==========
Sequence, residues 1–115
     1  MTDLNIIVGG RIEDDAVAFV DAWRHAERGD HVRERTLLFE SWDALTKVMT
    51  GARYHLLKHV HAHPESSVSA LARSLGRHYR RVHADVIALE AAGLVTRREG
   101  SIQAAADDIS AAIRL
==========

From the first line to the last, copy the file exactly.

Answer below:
Sequence, residues 1–115
     1  MTDLNIIVGG RIEDDAVAFV DAWRHAERGD HVRERTLLFE SWDALTKVMT
    51  GARYHLLKHV HAHPESSVSA LARSLGRHYR RVHADVIALE AAGLVTRREG
   101  SIQAAADDIS AAIRL